], but with only 7.8% of the total treated area in the CONUS burned by a subsequent fire, our results suggest that existing treatments are not being sufficiently exploited to accelerate the pace of forest restoration.
Even though we used the best spatial datasets available to quantify encounters between treatments and subsequent fires, these estimates cannot be used to formally evaluate the success of fuels management at the programmatic level without additional context. Comparing these encounter rates with what might occur under random chance may highlight where in the CONUS they are lower or higher than their expected value. Such an analysis could address whether or not treatments are being strategically placed across large landscapes. Geospatial decision support tools can prioritize treatment locations to establish large, contiguous tracts of land where managed fire can occur without loss of important ecological functions, such as those provided by old growth stands of a fire-resistant species [50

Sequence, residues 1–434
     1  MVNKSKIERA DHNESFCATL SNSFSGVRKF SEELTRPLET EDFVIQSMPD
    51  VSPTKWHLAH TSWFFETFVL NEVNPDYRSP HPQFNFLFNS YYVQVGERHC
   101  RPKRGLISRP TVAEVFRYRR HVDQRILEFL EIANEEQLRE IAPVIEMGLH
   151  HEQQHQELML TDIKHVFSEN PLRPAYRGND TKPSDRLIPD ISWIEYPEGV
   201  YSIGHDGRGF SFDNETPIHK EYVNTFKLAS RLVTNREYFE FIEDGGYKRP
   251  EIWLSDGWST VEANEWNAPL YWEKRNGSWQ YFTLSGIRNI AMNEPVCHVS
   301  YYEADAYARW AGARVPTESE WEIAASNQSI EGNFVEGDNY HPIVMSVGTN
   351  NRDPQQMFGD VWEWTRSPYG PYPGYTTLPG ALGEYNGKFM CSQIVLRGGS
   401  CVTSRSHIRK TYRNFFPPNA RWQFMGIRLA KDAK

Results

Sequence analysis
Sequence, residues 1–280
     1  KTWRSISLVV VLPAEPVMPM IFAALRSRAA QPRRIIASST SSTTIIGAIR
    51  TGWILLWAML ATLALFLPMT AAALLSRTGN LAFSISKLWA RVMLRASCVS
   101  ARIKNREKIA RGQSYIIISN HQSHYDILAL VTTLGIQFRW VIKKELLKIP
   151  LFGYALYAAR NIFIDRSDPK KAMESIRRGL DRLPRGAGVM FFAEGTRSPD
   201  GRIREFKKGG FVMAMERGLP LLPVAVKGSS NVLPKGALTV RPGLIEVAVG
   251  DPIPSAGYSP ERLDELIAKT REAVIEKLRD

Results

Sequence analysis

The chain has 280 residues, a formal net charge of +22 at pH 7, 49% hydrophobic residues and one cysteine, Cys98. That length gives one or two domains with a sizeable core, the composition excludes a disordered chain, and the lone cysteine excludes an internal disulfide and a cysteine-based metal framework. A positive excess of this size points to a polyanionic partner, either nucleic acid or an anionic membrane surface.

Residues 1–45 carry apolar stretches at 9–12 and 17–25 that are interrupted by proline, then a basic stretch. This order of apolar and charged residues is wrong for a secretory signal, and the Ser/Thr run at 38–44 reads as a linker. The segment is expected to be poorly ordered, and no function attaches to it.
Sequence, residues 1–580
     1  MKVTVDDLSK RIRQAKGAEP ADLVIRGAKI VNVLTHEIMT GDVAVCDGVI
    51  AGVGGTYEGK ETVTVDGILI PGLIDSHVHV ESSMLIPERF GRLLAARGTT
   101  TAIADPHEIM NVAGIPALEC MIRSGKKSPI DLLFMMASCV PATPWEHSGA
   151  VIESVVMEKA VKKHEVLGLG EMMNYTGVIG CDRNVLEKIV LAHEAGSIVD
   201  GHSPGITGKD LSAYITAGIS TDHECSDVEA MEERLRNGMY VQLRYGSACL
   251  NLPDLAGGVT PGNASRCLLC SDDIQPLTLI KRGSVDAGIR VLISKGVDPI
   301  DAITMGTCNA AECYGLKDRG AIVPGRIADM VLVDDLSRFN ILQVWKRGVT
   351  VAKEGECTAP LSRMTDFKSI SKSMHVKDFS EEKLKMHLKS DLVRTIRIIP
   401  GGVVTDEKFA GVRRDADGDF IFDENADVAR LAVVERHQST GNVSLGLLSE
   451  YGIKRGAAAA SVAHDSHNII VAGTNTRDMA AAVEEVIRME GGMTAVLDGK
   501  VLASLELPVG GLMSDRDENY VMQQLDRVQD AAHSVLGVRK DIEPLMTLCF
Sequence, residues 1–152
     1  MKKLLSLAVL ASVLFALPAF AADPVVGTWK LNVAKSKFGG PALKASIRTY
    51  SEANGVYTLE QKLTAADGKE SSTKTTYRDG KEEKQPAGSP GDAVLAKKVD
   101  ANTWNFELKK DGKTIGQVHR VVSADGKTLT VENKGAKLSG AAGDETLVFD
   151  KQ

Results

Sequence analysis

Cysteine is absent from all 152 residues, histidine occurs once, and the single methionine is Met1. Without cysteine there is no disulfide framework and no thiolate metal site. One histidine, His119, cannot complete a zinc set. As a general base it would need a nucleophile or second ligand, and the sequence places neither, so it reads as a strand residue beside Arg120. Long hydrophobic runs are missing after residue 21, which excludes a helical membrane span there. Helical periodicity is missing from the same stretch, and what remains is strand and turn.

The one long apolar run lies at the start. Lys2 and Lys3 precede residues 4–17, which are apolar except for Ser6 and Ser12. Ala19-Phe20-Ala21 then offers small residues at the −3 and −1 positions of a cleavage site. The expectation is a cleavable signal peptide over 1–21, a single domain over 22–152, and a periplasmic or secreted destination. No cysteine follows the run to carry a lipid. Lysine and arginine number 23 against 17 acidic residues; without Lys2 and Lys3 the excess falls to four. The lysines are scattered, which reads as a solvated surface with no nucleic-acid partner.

]. Implementing such treatment regimens could potentially increase encounter rates and help expedite restoration of forest ecosystems. In addition, risk-based decision support tools are being developed to identify low-risk opportunities for the management of unplanned ignitions [51
]. Integrating these two approaches could aid local fuel treatment planning efforts by identifying priority areas for active restoration where managed fire can occur without posing an excessive risk to resources, assets, and ecological values.